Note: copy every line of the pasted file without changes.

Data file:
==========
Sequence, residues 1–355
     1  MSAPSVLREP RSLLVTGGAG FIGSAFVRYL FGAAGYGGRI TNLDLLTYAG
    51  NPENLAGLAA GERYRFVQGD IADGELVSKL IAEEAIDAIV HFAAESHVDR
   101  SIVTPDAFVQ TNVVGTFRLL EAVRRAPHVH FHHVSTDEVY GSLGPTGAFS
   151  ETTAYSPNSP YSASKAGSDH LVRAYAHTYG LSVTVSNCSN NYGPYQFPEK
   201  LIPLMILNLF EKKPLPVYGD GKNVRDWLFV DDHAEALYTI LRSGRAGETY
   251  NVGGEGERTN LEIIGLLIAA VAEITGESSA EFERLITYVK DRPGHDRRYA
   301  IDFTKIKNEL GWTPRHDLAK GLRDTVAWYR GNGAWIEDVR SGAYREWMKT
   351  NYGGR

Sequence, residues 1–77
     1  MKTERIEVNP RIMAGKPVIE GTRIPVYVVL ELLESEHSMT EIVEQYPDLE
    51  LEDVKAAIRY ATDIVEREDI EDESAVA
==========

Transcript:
Sequence, residues 1–355
     1  MSAPSVLREP RSLLVTGGAG FIGSAFVRYL FGAAGYGGRI TNLDLLTYAG
    51  NPENLAGLAA GERYRFVQGD IADGELVSKL IAEEAIDAIV HFAAESHVDR
   101  SIVTPDAFVQ TNVVGTFRLL EAVRRAPHVH FHHVSTDEVY GSLGPTGAFS
   151  ETTAYSPNSP YSASKAGSDH LVRAYAHTYG LSVTVSNCSN NYGPYQFPEK
   201  LIPLMILNLF EKKPLPVYGD GKNVRDWLFV DDHAEALYTI LRSGRAGETY
   251  NVGGEGERTN LEIIGLLIAA VAEITGESSA EFERLITYVK DRPGHDRRYA
   301  IDFTKIKNEL GWTPRHDLAK GLRDTVAWYR GNGAWIEDVR SGAYREWMKT
   351  NYGGR

Sequence, residues 1–77
     1  MKTERIEVNP RIMAGKPVIE GTRIPVYVVL ELLESEHSMT EIVEQYPDLE
    51  LEDVKAAIRY ATDIVEREDI EDESAVA